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Views: 2587 | 26-06-08, 09:04 AM #1
Right to Information Act – Power to the People
As reported by Tenzing Lamsang in kuenselonline.com on 25 June 2008:
Kuensel Newspaper - Right to Information Act – Power to the People
Right to Information Act – Power to the People
21 June, 2008 - The Right to Information Act, once passed, will allow ordinary Bhutanese to be informed and get a responsible, transparent and accountable government. Though the Act was drafted in 2007, the cabinet is yet to introduce it in the Assembly. “Information is absolutely critical for fighting corruption and the government should introduce the act and enforce it at the earliest date possible,” said the chairperson of the anti corruption commission (ACC), Neten Zangmo.
“The Right to Information Act will allow a fair and just system, sensitise the administrative machinery and empower the people,” said the chief justice, Lyonpo Sonam Tobgye.
On the origins of RTI Draft Act, the chief justice, who headed the drafting committee said, “His Majesty the Fourth Druk Gyalpo in his great wisdom had earlier asked that the draft of all major acts be ready before the constitution is passed.”
Under RTI, any Bhutanese can go to any government agency and ask for official information, which the agency has to provide within a certain time period or face prosecution in court. For example, a farmer can question the executing agencies on how exactly money was spent for his water supply. “RTI is therefore an enforceable public right to access information in possession of any government ministry, department, nationalised industry, public corporation or any other organisation substantially financed by the government,” said Lyonpo Sonam Tobgye. “Information here pertains to all written papers, documents, drawings, electronic, photographic, film, audio and physical records, including all records of all administrative decisions.” The government agency would not be allowed to question the person seeking information or set conditions for giving information.
“The only exempt information shall be those affecting the security and sovereignty of the nation, personal information with no relation to public activity, protected intellectual property rights, prohibition by court order and prohibition by another act which mentions this act, substantially diverts public resources and interferes with lawful functions,” said Lyonpo Sonam Tobgye.
He said that the clauses could also not be misused by any authority to deny valid information. “Apart from national security issues, the police and the courts will also come under this act,” said Lyonpo Sonam Tobgye.
Under the Act, it will be mandatory for every government agency to set up an information cell headed by an information officer. The responsible ‘public authority’ under the act will be the head of the public authority itself. So it is likely that, in the case of ministries, the public authority will be the secretaries, according to the chief justice.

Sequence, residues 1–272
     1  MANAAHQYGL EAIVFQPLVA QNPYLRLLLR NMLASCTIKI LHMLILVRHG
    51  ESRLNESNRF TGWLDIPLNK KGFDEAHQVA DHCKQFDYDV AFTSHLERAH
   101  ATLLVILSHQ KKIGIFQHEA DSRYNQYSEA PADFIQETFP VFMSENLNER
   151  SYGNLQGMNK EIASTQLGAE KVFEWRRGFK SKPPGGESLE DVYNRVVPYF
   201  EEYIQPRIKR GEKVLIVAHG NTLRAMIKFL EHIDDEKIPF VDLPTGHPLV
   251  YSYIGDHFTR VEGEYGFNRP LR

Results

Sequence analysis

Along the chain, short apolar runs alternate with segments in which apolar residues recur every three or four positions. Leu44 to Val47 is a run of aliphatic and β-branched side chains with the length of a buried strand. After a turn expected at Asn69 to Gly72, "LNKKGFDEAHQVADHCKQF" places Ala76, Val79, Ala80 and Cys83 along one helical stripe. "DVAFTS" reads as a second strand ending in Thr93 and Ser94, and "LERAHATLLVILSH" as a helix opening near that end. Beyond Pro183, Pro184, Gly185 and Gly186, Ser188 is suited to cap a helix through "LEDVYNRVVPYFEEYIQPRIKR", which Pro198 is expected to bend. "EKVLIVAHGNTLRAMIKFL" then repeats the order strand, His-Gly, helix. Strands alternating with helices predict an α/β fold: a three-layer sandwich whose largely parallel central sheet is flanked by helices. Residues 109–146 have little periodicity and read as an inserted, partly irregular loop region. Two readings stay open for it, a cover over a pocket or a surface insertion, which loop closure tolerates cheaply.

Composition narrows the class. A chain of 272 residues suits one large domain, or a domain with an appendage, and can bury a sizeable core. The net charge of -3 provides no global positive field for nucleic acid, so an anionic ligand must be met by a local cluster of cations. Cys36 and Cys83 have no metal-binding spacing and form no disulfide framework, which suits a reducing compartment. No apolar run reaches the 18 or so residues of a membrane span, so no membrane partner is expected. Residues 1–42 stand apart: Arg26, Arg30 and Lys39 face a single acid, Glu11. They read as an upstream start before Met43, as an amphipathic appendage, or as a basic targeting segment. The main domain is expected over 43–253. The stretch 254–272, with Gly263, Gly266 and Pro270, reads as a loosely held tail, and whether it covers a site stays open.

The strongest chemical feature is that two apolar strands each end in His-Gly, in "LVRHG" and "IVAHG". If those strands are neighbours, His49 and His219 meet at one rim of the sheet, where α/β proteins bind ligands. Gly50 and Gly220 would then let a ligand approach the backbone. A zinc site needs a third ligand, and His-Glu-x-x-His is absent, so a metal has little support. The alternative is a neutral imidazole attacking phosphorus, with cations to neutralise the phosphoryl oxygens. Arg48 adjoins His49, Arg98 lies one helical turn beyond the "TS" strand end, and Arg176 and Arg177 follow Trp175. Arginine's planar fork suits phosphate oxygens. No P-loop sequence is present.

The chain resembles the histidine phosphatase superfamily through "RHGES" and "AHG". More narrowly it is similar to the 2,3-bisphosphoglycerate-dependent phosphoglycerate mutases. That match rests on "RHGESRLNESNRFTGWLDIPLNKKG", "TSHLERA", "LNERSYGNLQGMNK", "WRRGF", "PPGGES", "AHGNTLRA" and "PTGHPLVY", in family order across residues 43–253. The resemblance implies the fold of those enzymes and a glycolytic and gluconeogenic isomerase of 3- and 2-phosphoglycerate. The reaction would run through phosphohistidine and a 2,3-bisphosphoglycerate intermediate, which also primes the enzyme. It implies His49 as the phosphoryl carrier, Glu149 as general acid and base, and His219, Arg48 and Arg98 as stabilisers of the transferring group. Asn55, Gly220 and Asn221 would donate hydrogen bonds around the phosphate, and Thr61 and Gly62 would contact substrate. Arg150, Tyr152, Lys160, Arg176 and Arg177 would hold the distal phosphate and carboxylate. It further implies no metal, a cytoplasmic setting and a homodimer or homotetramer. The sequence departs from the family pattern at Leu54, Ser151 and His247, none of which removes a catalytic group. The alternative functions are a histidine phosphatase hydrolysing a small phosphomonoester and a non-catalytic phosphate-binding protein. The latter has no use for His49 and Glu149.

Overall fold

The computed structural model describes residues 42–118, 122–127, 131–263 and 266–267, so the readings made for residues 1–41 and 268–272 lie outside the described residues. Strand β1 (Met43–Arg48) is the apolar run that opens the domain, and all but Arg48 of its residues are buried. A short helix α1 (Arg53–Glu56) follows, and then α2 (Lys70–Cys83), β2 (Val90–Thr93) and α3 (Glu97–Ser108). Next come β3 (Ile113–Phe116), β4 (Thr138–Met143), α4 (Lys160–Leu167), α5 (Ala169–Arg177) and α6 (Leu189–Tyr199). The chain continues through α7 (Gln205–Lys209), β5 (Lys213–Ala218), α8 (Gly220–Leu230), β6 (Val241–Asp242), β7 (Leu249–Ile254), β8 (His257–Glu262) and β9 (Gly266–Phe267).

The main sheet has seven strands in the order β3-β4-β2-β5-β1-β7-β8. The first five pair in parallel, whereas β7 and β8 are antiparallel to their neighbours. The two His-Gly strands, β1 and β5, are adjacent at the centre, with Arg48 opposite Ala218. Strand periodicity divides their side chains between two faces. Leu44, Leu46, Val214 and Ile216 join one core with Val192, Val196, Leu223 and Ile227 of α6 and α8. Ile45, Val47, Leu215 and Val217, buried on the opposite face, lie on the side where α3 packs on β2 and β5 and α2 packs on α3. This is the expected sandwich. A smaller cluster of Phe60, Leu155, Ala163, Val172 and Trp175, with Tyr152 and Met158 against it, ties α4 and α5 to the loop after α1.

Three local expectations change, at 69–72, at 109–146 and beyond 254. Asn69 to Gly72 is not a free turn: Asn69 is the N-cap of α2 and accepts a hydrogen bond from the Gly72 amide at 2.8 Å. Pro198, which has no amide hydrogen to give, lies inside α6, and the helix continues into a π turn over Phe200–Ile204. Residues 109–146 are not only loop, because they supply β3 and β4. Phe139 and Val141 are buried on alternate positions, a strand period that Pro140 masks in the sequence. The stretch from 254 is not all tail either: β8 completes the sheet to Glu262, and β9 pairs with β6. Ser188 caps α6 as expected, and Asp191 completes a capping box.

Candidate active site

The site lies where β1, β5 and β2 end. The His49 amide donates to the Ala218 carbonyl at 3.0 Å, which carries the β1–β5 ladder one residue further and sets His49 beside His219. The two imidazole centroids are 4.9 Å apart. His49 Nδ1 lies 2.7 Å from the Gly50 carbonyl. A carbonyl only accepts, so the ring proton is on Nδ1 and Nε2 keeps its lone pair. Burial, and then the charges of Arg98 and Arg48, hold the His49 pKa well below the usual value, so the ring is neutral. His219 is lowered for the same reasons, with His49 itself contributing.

“The public authority will also have to make available to the public an annually updated detailed organisational and operational statement that describes its structure, functions, budget, decision making procedures, powers, laws, all categories of official information, advisory boards, telephone directory of all employees, facilities for obtaining information, policies, receipt of concessions and permits granted by it,” said Lyonpo Sonam Tobgye.
The public authority will also have to maintain all information in an organised and easily reproducible manner and provide it in the desired format at the cheapest cost possible. “The public authority will also have to submit to the prime minister an annual report on the compliance of the authority with its obligations under the Act,” he added.
“All information will have to be furnished within 30 days from application and an extension of 15 days will only be granted if information asked is of a large volume of records affecting government function, consultations needed to clear the request and also to protect any government interest or rights of any person,” said Lyonpo Sonam Tobgye. He also said that a maximum three-month extension would be possible in exceptional cases like a national calamity of large proportions. But any extension or denial would have to be submitted in written form by the public authority. “If any information is not provided within time or any reasonable extension not applied for in writing, then it can be taken as denial,” said the chief justice.
“In case of denial of any information, the court can be approached which will decide the case under the civil and criminal procedures code of Bhutan on the lines of administrative adjudication, liability for damages, denial of information and contempt of court,” said Lyonpo Sonam Tobgye.
On introducing the Act, Lyonchhen Jigmi Y Thinley did not commit to a specific date but said that the current acts were taking longer than expected to be passed and also that the cabinet would have to discuss the RTI Act before introducing it.